CoMo is turning 200!

Guess what?! Columbia, Missouri and Boone County, Missouri will soon be celebrating 200 years! Columbia, Missouri was founded first as Smithton in 1818, then moved a few blocks east and renamed Columbia in 1821. Boone County was founded in 1820, according to the Boone County Government site.

To plan festivities to mark the bicentennial,  Columbia Mayor Brian Treece has appointed a Task Force on Bicentennial Celebration Planning. The task force Brent Gardner, Pat Fowler, Nate Brown, Dr. Eryca Neville, Dr. Anne Deaton, Chris Campbell, Tom Mendenhall, Deb Sheals and Ann Rogers.

The next meeting of the task force will be at 7 p.m. on March 28, 2018, in the boardroom of the Walton Building at 300 South Providence. Here’s the agenda, which includes a link to a draft of the minutes of the last meeting, background materials and a list of festivity ideas.

The meeting is open to the public, but Task Force Chair Brent Gardner said the main purpose of these first few meetings is to get organized and educated.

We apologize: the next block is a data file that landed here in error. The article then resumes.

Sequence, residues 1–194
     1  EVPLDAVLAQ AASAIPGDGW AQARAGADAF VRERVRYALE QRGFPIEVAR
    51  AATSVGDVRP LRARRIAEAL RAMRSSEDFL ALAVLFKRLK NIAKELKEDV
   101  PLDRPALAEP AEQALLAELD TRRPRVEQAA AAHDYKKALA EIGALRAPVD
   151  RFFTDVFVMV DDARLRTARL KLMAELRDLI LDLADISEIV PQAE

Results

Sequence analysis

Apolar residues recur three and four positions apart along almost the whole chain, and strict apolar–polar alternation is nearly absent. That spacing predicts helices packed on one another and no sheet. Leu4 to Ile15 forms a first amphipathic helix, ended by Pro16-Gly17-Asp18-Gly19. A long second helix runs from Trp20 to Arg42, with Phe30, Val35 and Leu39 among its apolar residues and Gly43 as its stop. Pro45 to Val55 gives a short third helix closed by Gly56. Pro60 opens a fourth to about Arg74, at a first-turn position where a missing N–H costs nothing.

Goals for the celebration 

While the task force is still getting organized, three goals were set at the group’s first meeting on Feb. 28, 2018.

  • It will be inclusive of all of Columbia, said Gardner — the wealthy, those without money, young, old, black, white, immigrants — everyone.
  • The second goal of the celebrations to be planned is that they will indeed be celebrations, fun and entertaining.
  • The third goal, said Deb Sheals, Gardner’s co-chair, will be to leave a mark, to create some kind of enduring item. As Sheals put it, she wants to give CoMo a “big, fat present for turning 200.” That “present” could be anything from creating lesson plans for grade and high school children to a piece of artwork in the Flat Branch area, which is where Columbia got its start.